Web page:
'Calcutta News', director Blessy's latest film starring Dileep and Meera Jasmine, is a marked departure from his kind of filmmaking. He predominantly makes family-centred movies but here he has tried to widen his scope. The end result though is utterly disappointing.
The story is about a Malayali TV reporter, born and brought up in Kolkata, who helps a newly married Malayali girl in the city find out the reason behind the mysterious death of her husband.
Blessy tries hard to layer the story with issues ranging from human trafficking to alienation and belonging but cannot carry the juggling act successfully.
Ajith Thomas (Dileep) is a successful TV reporter, well versed in Bengali culture. He claims to be better than the locals in his knowledge about West Bengal.
By a quirk of fate, he spots a couple from Kerala while shooting Durga Puja. The girl seems to be very excited at the possibility of being seen on the TV, but the man is angry. There is a minor scuffle between the husband and the TV crew.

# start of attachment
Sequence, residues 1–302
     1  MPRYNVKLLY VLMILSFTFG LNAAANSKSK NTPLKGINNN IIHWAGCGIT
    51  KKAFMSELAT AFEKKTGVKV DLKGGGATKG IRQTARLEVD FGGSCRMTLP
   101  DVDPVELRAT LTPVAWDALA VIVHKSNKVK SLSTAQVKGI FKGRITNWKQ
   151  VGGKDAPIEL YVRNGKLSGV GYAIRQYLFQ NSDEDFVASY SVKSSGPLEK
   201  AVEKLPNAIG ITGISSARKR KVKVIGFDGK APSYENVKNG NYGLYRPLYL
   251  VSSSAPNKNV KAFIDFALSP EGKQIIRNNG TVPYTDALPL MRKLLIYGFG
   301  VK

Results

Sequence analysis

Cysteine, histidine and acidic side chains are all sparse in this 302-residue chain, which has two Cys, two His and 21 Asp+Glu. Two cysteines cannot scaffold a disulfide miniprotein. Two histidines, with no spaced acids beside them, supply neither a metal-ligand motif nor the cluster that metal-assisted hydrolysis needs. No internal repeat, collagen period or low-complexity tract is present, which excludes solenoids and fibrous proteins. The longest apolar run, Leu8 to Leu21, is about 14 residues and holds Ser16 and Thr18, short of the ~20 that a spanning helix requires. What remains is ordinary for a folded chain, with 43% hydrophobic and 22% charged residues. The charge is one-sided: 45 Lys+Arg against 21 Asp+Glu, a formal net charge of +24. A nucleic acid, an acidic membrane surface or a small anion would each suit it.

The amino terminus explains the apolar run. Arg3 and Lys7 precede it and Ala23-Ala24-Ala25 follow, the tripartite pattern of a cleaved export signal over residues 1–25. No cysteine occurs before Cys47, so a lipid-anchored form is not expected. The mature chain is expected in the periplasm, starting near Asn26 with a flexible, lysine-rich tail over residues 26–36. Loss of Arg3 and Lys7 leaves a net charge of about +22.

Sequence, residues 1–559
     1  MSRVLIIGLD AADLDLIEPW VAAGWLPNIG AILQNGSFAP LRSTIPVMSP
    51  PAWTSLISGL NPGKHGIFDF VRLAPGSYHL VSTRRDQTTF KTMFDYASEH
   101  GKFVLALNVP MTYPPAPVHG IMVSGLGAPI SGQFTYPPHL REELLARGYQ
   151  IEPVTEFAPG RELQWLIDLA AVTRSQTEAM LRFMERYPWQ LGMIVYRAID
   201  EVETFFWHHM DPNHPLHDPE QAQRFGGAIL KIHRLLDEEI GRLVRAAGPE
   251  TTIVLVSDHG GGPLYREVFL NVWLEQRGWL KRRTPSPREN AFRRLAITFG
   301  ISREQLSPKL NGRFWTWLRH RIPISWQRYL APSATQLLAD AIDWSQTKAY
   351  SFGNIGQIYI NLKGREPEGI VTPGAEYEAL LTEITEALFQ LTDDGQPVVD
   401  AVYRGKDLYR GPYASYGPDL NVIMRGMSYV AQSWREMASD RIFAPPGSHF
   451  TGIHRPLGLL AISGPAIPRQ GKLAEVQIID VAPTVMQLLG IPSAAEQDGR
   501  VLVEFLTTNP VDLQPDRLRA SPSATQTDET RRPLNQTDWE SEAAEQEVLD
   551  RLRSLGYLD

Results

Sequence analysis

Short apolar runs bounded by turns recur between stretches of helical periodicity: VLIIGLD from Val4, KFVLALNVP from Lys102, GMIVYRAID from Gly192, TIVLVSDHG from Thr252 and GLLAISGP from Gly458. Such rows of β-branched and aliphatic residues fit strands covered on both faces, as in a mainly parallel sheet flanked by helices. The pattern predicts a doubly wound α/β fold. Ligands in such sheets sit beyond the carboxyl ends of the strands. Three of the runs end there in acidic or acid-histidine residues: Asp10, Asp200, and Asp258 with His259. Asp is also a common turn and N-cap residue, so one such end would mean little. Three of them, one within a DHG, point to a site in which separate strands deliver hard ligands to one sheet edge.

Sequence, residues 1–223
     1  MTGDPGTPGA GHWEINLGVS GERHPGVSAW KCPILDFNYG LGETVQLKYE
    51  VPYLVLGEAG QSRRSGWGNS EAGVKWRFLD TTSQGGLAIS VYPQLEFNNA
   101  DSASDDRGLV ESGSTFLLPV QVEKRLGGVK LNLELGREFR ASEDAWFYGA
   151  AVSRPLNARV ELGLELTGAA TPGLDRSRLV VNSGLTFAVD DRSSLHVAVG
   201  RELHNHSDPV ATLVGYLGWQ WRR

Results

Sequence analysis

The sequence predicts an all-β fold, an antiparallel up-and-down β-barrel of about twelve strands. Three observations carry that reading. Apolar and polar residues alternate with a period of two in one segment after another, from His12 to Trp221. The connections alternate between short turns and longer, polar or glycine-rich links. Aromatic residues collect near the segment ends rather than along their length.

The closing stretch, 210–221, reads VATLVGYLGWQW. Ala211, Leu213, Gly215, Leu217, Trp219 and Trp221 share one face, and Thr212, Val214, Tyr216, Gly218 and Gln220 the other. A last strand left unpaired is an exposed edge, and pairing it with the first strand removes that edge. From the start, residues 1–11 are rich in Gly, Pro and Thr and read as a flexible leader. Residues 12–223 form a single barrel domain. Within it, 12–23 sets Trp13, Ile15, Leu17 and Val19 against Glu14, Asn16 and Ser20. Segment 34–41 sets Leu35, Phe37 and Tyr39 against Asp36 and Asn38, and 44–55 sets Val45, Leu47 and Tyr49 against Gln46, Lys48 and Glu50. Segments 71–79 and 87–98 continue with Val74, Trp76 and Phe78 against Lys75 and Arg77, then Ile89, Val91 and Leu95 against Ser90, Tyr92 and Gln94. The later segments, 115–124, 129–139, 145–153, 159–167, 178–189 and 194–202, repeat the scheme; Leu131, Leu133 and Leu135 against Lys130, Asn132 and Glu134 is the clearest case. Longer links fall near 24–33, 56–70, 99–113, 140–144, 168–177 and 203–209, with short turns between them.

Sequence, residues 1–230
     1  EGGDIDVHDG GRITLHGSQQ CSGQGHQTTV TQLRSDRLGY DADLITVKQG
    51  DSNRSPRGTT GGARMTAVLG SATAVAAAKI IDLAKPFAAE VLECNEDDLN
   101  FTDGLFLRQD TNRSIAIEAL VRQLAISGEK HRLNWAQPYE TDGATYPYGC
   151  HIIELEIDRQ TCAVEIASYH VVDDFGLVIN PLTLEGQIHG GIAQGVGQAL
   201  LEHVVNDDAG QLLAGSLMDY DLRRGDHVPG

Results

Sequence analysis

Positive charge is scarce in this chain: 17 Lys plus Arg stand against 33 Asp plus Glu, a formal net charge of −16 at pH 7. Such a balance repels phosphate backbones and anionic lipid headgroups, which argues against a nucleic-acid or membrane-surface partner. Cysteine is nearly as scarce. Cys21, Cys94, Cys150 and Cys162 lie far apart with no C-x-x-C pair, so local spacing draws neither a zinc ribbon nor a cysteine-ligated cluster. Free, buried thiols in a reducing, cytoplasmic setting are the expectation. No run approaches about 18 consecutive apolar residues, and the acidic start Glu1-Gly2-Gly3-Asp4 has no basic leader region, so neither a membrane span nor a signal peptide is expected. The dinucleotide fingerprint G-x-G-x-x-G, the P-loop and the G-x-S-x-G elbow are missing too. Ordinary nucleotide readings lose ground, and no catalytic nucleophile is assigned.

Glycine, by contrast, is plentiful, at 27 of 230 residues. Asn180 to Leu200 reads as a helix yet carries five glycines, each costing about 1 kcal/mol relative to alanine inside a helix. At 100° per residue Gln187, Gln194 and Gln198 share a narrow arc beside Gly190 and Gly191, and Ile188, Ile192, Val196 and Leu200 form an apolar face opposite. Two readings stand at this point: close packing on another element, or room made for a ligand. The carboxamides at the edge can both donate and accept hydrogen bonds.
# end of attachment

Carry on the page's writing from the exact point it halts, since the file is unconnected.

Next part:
After a few days, while editing a news story, Ajith finds the picture of the man lying dead somewhere in the city and he starts thinking about the girl. After a massive search operation, he finds her locked up in a dingy lodge room.
The story then moves back and forth, delving into her past and revealing the blooming romance between Ajith and her. The screenplay loses consistency after this. Several cliched twists and turns follow, culminating in a predictably gory climax.
Blessy tries to use his strong point as a writer while depicting Ajith's family life but fails while dealing with mystery and suspense elements. So he has to use contrived tools like coincidences and supernatural happenings to move the story forward.
Technically, the film offers the best visuals seen in Malayalam cinema in recent times. Cinematographer S. Kumar captures the spirit of the city in every frame.
Dileep and Meera look jaded and confused because their characters are not well-etched. Innocent and Bindu Panicker are used for comical interludes.
Maybe, Blessy is not cut out for different genres of filmmaking. He should stick to what he can do best - depicting families in distress.